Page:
As a data transmission network, NKN may contain millions of nodes or more. Moreover, the network is dynamic as every node could join or leave the network at any time. At such scale, it is unrealistic for every node to maintain an up-to-date list of all nodes in the network. Instead, every node in the network is only connected to and aware of a few other nodes in the network which are called neighbors. Network topology, determined by the choice of neighbors, is crucial to performance and security. To be scalable and secure, we need to choose a proper topology that has the following properties:

(1) network should be connected and has small diameter;

(2) efficient routing algorithms exist between any node pairs using only information about neighbors;

(3) load is balanced among nodes given random traffic with uniformly distributed source and destination;

(4) choice of neighbors should be unpredictable but verifiable to prevent attacks.

NKN uses the network topology of Chord Distributed Hash Table (DHT) for high scalability. Each node has an m-bit random address on the ring. Node is connected to a set of other O(logN) nodes that have specific distance from it such that the choice of neighbors can be verified. Routing between any node pair is up to O(logN) and is deterministic and verifiable given the topology.

MVCA Consensus Algorithm Based on Cellular Automata

In the centralized electronic transfer and transaction system, a middleman is used as the central authority or credit endorsement to determine the validity of the transaction. For example, in this role played by telecom operators in the telecommunications industry, telecom operators can prove the effectiveness of a data transmission bandwidth transaction.

Because NKN does not have an intermediary or a centralized role, who is responsible for confirming the effectiveness of data transmission/relay transactions? In such a decentralized network, to achieve a consensus is somewhat similar to a process of election. By voting by everyone, the data transmission transaction that receives the majority votes will be considered as a validated transaction. Without a central authority, this way seems to be a lack of credit. However, the validated transaction resulting from voting is the most trustworthy. Therefore, NKN is a decentralized network that meets the concept of the original Internet concept and has also become a realistic version of “New Internet”, owned by the community (“New Internet” was known from Piedpiper’s Internet in “Silicon Valley”).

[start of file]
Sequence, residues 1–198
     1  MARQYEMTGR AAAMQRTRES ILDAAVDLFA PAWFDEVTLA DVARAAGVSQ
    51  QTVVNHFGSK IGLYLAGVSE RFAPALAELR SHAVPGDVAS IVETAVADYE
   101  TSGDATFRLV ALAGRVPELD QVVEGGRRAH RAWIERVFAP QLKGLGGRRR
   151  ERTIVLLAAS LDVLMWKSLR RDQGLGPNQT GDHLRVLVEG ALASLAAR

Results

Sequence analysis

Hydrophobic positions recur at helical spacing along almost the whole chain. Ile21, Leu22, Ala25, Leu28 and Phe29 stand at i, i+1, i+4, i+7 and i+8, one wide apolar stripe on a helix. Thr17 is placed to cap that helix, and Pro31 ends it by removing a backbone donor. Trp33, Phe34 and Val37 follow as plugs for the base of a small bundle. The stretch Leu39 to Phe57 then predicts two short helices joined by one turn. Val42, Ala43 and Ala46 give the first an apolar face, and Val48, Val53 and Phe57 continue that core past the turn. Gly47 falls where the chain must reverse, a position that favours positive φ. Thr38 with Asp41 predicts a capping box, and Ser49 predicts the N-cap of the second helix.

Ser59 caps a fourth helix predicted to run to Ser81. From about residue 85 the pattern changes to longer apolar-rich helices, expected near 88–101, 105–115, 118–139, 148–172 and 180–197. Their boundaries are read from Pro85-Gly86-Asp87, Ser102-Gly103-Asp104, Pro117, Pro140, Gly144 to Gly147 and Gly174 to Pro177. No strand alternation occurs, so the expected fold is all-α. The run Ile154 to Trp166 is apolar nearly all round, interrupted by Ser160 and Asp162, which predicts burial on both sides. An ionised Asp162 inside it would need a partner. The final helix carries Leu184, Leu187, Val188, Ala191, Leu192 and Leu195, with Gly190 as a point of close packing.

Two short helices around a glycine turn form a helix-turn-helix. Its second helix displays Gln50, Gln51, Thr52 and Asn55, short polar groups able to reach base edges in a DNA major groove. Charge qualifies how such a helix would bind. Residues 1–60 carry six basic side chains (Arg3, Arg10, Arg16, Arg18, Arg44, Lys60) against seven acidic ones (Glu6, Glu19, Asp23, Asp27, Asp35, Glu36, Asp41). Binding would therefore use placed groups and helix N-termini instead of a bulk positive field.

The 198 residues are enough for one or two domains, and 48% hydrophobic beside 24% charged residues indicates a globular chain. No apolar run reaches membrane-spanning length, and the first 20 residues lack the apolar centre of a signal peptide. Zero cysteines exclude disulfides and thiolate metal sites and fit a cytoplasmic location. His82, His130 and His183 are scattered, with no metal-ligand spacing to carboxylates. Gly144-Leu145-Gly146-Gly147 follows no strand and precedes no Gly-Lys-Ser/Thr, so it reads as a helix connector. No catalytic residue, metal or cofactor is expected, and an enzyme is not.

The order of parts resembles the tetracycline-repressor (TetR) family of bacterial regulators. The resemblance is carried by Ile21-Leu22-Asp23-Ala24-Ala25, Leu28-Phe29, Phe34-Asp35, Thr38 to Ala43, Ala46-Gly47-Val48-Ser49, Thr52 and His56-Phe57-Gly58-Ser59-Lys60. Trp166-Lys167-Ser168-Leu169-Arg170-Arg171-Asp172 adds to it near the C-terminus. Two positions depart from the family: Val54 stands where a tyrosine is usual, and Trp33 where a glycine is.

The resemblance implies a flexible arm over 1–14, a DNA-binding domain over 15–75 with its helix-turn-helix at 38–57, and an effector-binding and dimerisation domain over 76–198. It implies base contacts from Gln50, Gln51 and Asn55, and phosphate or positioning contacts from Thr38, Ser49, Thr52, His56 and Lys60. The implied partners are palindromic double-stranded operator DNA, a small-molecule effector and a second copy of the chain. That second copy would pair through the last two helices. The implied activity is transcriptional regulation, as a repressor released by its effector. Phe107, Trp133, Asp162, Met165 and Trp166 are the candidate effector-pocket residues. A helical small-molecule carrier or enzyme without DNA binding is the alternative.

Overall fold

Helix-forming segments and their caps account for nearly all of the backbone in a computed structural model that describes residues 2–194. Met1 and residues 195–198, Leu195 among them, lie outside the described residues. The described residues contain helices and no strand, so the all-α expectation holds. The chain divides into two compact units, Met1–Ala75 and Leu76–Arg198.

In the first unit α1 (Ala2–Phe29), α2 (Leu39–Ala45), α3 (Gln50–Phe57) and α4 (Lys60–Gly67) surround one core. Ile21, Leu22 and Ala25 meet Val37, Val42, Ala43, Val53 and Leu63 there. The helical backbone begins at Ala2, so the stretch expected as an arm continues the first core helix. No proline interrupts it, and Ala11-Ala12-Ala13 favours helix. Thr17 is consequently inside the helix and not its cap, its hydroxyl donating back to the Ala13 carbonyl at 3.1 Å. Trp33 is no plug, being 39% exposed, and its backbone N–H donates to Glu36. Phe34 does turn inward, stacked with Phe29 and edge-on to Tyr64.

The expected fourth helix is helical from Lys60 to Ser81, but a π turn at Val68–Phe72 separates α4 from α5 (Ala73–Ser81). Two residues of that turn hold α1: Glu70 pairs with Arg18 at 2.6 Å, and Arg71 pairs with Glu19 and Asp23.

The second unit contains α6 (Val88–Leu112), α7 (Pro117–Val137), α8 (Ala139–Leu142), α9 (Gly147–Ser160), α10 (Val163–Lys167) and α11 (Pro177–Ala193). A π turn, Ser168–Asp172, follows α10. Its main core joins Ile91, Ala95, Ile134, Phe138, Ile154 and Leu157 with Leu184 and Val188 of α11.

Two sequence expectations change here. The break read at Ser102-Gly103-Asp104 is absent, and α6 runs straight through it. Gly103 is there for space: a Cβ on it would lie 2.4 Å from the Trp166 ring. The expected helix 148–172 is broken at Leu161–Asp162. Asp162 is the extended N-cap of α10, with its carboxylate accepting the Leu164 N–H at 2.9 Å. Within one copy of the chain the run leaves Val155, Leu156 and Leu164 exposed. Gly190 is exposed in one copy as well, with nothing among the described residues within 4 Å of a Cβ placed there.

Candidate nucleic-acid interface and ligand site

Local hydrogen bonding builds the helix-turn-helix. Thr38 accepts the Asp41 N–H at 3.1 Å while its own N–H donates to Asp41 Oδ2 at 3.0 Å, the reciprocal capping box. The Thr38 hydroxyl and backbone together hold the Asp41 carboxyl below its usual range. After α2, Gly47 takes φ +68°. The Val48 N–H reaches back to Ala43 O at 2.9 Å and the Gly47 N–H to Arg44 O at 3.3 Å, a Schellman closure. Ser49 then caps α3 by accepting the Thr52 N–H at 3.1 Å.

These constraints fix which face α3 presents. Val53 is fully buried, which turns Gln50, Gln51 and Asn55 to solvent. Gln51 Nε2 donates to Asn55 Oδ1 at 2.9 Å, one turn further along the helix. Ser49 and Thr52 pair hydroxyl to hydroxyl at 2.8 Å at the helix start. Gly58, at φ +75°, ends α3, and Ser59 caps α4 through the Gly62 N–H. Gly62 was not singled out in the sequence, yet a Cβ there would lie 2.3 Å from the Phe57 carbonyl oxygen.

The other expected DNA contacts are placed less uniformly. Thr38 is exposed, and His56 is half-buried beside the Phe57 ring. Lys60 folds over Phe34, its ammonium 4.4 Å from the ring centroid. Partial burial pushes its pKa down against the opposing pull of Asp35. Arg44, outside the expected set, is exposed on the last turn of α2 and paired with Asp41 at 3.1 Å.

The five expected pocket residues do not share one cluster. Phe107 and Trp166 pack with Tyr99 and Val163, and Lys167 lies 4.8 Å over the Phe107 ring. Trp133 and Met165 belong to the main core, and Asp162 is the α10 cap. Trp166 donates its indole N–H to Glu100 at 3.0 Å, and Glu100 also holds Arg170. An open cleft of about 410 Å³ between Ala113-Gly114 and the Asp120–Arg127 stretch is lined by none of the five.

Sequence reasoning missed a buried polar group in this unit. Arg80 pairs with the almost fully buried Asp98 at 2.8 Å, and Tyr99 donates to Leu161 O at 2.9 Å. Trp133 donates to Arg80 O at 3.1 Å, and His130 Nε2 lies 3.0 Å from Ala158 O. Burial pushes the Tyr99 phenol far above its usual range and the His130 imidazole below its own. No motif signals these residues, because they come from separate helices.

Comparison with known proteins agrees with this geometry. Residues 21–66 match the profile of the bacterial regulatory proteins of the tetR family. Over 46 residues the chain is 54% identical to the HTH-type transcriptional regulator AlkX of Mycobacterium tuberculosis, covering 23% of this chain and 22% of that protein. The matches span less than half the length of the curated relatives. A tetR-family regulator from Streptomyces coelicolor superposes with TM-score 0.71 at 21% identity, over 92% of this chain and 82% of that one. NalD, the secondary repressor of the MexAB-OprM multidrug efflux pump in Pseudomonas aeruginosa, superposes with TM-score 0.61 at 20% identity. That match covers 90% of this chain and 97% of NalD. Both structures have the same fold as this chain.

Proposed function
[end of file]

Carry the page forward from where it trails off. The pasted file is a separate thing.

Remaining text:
It is worth mentioning that the NKN consensus mechanism does not require global voting like the Byzantine Agreement, but innovatively adopts the Ising model voting mechanism based on Cellular Automata or “Majority Voting Cellular Automata” (MVCA) algorithms. The MVCA consensus algorithm can achieve a highly scalable network that can support millions or even billions of nodes. (The blockchain scalability usually includes two levels of meaning: one is the transaction speed, and the otheris the scale of the network. Here refers to the latter alone). It had been detailed described with mathematical proofs in the NKN whitepaper ( https://www.nkn.org/doc/NKN_Whitepaper.pdf ). In short, the MVCA is effective in terms of consensus time and number of messages sent, because it only requires communication iterations between several neighbors to reach a global consensus. With a Gossip protocol, the information required for consensus is sent to all participating nodes at the beginning of the consensus. This protocol takes O(logN) time (N is the number of nodes in the entire network and k is the number of neighbors), which is the main time cost of the consensus process.

Proof of Relay (PoR)

One of the key problems in NKN is to prove how much data a node relayed, which NKN defines as Proof of Relay (PoR). PoR is crucial to the NKN network as the amount of data being relayed is directly related to token rewards. An ideal proof should satisfy the following conditions:

1) verifiable: anyone, involved in data transmission or not, is able to verify the proof correctly using only public information;

2) unforgeable: no party, unless controlled all involved nodes, is able to forge a valid proof with nontrivial probability;

3) untamperable: no party, unless controlled all involved nodes, is able to modify a valid proof with nontrivial probability.

Unlike Bitcoin and Ethereum mining schemes, PoR is a useful proof of work: mining is relaying data. PoR is implemented through a special signature chain. To improve efficiency, PoR uses a hash signature chain to randomly select samples in an uncontrollable but verifiable manner. In addition, PoR is also characterized by the fact that even if a malicious attacker controls most nodes in the network, PoR is difficult to forge.